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Saturday, Oct 25, 2014

The Bible and the 'Gay Marriage' Question (Part 3)

July 8, 2011|7:03 pm

What does the Bible actually say about “gay marriage”? That question is the title of a a recent op-ed piece in the Huffington Post written by Lee Jefferson, a visiting assistant professor of religion at Centre College. According to Jefferson the answer is: “Nothing,” or at least “Nothing negative.”

This is the third part of a three-part series. (For part 1, click here. For part 2, click here.)

Some texts that speak directly to homosexual practice

Jefferson characterizes the texts that speak directly to the issue of homosexual practice as “scant indeed.” Yet the number of biblical texts doing so is comparable to the number of texts addressing incest and greater than those prohibiting bestiality. If one looks at Scripture contextually (as Jefferson urges others to do) it will be evident that Scripture’s opposition to homosexual practice is deeply embedded in the fabric of its sexual ethics.

In fact, every text in Scripture treating sexual matters, whether narrative, law, proverb, poetry, moral exhortation, or metaphor, presupposes a male-female prerequisite for all sexual activity. For example, in Old Testament law there are constant distinctions between appropriate and inappropriate forms of other-sex intercourse but nothing of the sort for same-sex intercourse. The reason for this is apparent: Since same-sex intercourse was always unacceptable, there was no need to make such distinctions. Another example involves metaphor: Even though ancient Israel was a male-dominated society, it imaged itself in relation to Yahweh as a female to a husband, so as to avoid the imagery of a man-male sexual bond.

Jefferson’s interpretation of texts that more or less directly address homosexual practice is deeply flawed. He writes off the Sodom episode in Genesis 19 as a text concerned with hospitality, not homosexual practice. This makes an either-or out of a both-and. The episode at Sodom is viewed in early Judaism as a paradigmatic example of gross inhospitality to visitors precisely because the men of Sodom seek to dishonor the sexuality of the male visitors. By asking to have sex with them as though they were females they treat the maleness of the visitors as of no account. The fact that this is done in the context of attempted rape is no more an indication of the irrelevance of the homosexual aspect than is a story about incestuous rape (so, I would argue, Ham’s act against his father Noah in Genesis 9) irrelevant for indicting adult-consensual incest.

Jefferson dismisses the prohibitions of man-male intercourse in Leviticus 18:22 and 20:13 as limited to a particular time and place in Israel’s history, like dietary restrictions and the prohibition of cloth mixtures. But the prohibition of man-male intercourse is more closely related in its context to the prohibitions of other sexual offenses that we continue to prohibit today: incest, adultery, and bestiality. The Holiness Code in Leviticus (chaps. 17-26) specifically refers to these forbidden sex acts as “iniquity” or “sin,” not just ritual uncleanness (18:25). It does not allow absolution merely through ritual acts (such as bathing and waiting for the sun to go down). It does not treat these sexual offenses as making the participants contagious to touch (unlike some ritual impurity offenses). The penalty applies only to those who engage in these acts with willful intent (whereas ritual purity infractions encompass both advertent and inadvertent acts). Leviticus applies the prohibitions not just to Jews but to Gentiles inhabiting the land. For all these reasons the prohibitions of incest, adultery, man-male intercourse, and bestiality do not look like merely ritual offenses.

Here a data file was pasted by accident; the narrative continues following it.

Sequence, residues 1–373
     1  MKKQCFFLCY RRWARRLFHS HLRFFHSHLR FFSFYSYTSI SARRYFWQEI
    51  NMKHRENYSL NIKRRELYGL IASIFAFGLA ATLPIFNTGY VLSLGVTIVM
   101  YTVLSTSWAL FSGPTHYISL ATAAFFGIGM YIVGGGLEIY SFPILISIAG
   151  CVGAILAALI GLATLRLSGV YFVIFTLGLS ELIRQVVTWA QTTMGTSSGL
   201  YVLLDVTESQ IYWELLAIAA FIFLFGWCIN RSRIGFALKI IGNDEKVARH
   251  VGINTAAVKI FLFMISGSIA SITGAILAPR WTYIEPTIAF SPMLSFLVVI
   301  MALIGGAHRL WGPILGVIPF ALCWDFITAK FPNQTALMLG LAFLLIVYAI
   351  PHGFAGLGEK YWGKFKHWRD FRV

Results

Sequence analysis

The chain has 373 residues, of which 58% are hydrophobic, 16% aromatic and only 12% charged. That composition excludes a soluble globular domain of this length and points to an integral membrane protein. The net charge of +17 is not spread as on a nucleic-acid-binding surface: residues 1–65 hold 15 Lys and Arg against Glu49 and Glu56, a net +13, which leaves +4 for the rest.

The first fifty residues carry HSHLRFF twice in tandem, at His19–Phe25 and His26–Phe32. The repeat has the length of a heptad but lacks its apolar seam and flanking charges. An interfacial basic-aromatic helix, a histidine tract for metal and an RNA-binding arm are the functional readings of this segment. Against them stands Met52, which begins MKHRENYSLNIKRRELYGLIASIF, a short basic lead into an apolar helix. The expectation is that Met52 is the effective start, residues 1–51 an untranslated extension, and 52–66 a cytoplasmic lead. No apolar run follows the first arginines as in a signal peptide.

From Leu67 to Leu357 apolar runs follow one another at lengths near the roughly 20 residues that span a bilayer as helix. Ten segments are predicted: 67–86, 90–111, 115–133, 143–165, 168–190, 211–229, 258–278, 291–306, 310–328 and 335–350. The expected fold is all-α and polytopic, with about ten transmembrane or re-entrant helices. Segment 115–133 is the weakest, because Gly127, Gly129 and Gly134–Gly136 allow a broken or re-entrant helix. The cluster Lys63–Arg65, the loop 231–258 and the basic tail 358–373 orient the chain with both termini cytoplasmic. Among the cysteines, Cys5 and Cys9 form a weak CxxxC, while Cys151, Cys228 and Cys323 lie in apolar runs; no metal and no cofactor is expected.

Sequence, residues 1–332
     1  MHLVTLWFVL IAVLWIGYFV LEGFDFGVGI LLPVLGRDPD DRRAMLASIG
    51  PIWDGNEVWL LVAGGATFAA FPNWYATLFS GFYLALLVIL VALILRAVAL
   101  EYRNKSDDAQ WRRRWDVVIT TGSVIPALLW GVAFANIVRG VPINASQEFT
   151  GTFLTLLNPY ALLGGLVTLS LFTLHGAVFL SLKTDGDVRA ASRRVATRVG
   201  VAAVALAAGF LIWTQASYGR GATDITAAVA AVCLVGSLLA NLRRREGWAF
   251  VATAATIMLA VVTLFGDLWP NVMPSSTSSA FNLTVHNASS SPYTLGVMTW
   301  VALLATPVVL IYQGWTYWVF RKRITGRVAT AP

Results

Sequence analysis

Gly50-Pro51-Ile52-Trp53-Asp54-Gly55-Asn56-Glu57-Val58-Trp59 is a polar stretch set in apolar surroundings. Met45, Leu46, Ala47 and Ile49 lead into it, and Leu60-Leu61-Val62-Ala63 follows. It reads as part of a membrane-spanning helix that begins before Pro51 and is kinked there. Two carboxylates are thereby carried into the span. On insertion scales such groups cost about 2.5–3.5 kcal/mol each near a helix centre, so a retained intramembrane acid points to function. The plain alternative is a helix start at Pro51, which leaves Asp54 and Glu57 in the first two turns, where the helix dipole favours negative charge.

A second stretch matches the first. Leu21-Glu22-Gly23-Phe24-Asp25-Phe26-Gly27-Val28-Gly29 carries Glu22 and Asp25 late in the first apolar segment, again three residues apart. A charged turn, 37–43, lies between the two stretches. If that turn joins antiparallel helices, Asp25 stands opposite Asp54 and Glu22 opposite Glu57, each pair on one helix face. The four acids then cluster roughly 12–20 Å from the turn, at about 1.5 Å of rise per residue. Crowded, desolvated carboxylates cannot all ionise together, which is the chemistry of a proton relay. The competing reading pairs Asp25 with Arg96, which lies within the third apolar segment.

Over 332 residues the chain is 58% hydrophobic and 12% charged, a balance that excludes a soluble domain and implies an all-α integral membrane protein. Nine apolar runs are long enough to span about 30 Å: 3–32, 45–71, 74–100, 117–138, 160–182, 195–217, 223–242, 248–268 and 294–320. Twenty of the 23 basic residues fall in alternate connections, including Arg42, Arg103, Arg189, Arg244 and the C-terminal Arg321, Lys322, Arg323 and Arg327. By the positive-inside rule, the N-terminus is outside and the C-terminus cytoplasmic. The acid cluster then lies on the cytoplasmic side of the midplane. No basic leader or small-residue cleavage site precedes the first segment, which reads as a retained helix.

The prohibition of cloth mixtures is largely symbolic, since the penalty is only the destruction of the cloth (not the wearer) and since too some cloth mixtures are enjoined for the Tabernacle, parts of the priestly wardrobe, and the tassel worn by the laity (apparently on the assumption that cloth mixtures symbolized ‘penetration’ into the divine realm, which was inappropriate in non-sacral contexts). The prohibition of incest is a much closer analogy to the prohibition of man-male intercourse than dietary rules or rules against cloth mixtures, since both incest and same-sex intercourse involve sexual offenses between persons too much alike in terms of embodied structures-one as regards kinship, the other as regards gender.

As regards Paul, Jefferson provides an odd reason for discounting the offender list in 1 Corinthians 6:9, which includes an indictment of “soft men” (malakoi, see above) and “men who lie with a male” (arsenokoitai). His reason is that “these terms are injected along with” other sexual offenders, namely, “the sexually immoral” (pornoi, not limited to fornicators contra Jefferson), adulterers, and (in context) persons who engage in incest (chap. 5) and sex with a prostitute (6:15-17). “In other words, Paul is addressing ALL deviant sexual and immoral behavior, not just that of a same-sex variety.” To this argument I can only say: So what? Who ever claimed that Christian sexual ethics were opposed only to homosexual practice?